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Introduction American Sign Language American Sign Language has had a durable history. Its origin can be traced to the emergence of a large community of deaf people centered around the first public school for deaf children in France, founded about 1761; the language that arose in this community is still being used in France today. In 1817, a Deaf teacher from this school helped establish the first public school for deaf children in the United States. Although his language was incorporated into the early curriculum, the children's own gestural systems mingled with the official signed language, resulting in a new form that was no longer identifiable as French Sign Language. Some signs and structures in ASL today still reflect their French Sign Language origins, although the two languages are distinct. CAROL PADDEN AND TOM HUMPHRIES Deaf in America: Voices from a Culture Hold That Sign . . . The founding of the first school for the Deaf in America in 1817 is a landmark in the history of American Sign Language, or ASL as it is most often called. Located in Hartford, Connecticut, and now known as the American School for the Deaf, the school brought together two main sources in the development of ASL signs and grammar. The first was the school's first two teachers. One was Laurent Clerc, the Deaf man from France described by Padden and Humphries. He and the French Sign Language he knew were brought to the United States by an American, Thomas Gallaudet, who learned to sign from Clerc. The other source of ASL was the Deaf pupils in attendance at the school. They came at a time when schooling was not mandatory and most of the population lived in farming communities. So how did they sign or did they sign prior to attending the school? For some of these children, the school marked the first time they were in the company of other Deaf people, so what signs they had were mainly homemade. But other Deaf children, and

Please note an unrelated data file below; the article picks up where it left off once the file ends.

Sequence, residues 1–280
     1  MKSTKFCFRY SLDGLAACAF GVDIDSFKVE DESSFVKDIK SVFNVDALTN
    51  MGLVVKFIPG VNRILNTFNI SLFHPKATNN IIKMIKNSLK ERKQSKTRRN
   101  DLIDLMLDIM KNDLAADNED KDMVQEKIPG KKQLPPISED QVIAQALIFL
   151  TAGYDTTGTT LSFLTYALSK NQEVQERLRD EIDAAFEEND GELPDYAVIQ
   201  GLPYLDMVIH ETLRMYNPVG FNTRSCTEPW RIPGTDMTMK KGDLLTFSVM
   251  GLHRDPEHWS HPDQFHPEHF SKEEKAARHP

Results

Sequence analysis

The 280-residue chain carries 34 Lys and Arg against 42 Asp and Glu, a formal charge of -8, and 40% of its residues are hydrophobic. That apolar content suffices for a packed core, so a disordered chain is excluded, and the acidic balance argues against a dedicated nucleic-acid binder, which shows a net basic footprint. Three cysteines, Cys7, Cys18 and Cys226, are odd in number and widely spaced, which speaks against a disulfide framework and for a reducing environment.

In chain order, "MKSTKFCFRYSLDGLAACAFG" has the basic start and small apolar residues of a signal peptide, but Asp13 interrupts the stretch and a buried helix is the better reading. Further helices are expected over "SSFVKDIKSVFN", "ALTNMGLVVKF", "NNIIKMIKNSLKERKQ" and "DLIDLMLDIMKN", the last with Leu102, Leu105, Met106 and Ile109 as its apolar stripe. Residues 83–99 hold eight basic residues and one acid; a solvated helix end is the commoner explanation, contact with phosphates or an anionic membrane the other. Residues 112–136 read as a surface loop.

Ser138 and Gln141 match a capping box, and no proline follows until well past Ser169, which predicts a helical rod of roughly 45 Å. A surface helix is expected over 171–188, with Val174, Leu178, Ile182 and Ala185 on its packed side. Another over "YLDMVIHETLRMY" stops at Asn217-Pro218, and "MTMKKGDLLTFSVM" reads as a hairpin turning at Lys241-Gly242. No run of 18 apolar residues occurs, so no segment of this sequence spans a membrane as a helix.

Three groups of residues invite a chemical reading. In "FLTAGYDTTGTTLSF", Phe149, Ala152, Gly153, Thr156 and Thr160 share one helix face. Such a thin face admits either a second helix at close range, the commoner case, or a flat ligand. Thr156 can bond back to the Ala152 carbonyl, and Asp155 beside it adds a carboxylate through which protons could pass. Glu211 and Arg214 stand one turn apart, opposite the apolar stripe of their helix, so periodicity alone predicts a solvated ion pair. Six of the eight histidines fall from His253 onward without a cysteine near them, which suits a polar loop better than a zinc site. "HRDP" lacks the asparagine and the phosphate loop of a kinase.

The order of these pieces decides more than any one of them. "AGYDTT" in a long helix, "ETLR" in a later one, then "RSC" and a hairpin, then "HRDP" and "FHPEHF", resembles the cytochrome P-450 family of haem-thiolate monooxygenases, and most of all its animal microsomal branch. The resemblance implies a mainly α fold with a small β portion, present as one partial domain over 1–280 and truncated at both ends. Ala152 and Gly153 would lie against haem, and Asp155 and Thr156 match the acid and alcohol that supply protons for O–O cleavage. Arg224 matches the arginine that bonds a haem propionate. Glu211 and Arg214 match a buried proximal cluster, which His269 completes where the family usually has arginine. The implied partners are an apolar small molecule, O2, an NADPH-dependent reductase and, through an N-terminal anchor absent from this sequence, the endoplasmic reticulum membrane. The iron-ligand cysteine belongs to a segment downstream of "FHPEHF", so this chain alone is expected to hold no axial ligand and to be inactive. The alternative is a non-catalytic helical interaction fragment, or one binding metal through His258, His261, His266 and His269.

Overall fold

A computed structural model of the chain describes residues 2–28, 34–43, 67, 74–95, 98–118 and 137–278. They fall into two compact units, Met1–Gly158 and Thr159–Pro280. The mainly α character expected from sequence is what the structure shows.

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especially those with Deaf parents, introduced to the school signs indigenous to Americasigns that were used in the Deaf community. For about the next forty years, this pattern was repeated in other states where schools for the Deaf were springing up, many of them employing Deaf teachers who had graduated from other schools for the Deaf. The work of these early pioneers of education had a lasting influence on the shape of ASL as we know it today. In this chapter, you are introduced to various aspects of ASL. What Is American Sign Language? American Sign Language is the language of the American Deaf community. This is a simple yet practical definition. If someone asked you what Italian is, you would likely respond that it is the way most people in Italy speak. This approach might appear unusual given the trend in most ASL textbooks to define ASL by clarifying misconceptions about it. But why learn about misconceptions? Learn ASL with a clean conscience and a clear goal: ASL is how most Deaf Americans sign, and it is how you will sign as you venture through this book. Signing as a Choice of Communication I have taught ASL to over two thousand students, and my strongest impression of this language can be summed up in a simple observation: once a student has tasted the excitement of communicating with her hands she never loses her appetite for learning more about signing. I have not met a sign language teacher who has observed otherwise. Not all students learn to sign well nor do they all continue in their study of signing. But once their curiosity is piqued, they continue to have an interest in signing. I was asked by a student if I signed in my dreams. Whether a Deaf person signs in his dreams is a moot question, so I flipped it around and told her to tell me how she dreams after she becomes a fluent signer. Such is the nature of learning about sign language. For many of you, ASL is a new language that forces you to confront your prejudices about communicating with your hands. You might wonder about what you can talk about in signs. Would you wonder about this if you were learning to speak Spanish? Probably not. But ASL is not just a different language, it is a different medium for talking, and this fact may make you hesitant and perhaps even suspicious about what you can and cannot say in ASL. You are in good company because Deaf people wonder how it is possible to talk in speech about such things as the destructive force of twisters and the tender moments of a child playing alone. To Deaf people the picture of communication painted by vowels and consonants, pitch and loudness pales in comparison to the vibrant images that jump off the fingers and hands, face, and body of a person signing. Being able to communicate with your hands should not be a surprise because you have been doing it for years albeit to a far lesser extent than Deaf people. From the earliest days of human communications, people have relied on symbols created by the hands to com-